Mr Swanson, who joined MFS in 1985, admits you can't time cycles, but looking for signs can "give you a sense of how far you are from the waterfall". He pointed to four signals that have put him on higher alert:
One is that a third of all companies in the Russell 2000 index "don't actually make money". "A lot of that is because of disruption and tech companies, but it is a bit disturbing. This is late cycle behaviour, and if you cut corporate taxes it doesn't help companies that aren't making money."
Another indicator is a run up in margin lending by US share market investors to levels not seen since 1928. "People seem to have forgotten that stocks can go down but one day they will get a polite phone call to remind you they can."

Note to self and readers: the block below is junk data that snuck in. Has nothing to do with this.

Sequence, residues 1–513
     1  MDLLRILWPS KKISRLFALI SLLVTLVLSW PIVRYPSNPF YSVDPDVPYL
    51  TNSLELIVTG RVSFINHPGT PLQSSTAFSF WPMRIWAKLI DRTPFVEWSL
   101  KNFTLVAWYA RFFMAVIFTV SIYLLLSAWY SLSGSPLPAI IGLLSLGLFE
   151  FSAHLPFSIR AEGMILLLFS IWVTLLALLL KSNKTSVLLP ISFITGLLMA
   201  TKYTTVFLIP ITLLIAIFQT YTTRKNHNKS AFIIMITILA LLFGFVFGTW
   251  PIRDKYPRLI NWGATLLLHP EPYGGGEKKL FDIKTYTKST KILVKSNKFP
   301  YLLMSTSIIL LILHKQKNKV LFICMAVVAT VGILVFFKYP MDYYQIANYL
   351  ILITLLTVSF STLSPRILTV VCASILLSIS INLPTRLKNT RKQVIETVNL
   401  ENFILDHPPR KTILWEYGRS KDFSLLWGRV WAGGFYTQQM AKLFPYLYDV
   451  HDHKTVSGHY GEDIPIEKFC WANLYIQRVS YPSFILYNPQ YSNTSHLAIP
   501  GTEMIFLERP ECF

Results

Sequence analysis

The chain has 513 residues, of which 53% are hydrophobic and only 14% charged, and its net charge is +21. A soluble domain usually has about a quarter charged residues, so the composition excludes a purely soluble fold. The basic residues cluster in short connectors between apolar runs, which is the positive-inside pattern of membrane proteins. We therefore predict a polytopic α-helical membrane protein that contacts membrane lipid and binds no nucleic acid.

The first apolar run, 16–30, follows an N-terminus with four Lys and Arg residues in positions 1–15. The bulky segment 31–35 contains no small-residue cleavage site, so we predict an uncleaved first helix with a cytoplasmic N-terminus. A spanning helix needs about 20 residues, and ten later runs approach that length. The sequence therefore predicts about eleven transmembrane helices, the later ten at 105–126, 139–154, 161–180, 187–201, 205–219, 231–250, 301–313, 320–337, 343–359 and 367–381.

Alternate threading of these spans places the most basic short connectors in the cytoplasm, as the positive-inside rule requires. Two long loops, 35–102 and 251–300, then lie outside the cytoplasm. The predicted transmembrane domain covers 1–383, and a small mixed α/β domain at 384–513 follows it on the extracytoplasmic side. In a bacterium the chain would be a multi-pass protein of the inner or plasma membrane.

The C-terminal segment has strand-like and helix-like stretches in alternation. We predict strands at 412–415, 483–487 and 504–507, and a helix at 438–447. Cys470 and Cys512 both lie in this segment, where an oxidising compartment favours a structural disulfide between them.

The third sign is the increased proportion of investment industry professionals who have "not lived through the business cycle", which is perhaps a sign of how long this cycle has run for, and how potentially ill-equipped investors are to respond when it does turn.
Finally, there are signs that economic data is weakening. Global trade is weakening and manufacturing indices in large economies such as France and Germany are turning down. Services sector data in the US is also softening – something that he says "should not be happening in a robust economy".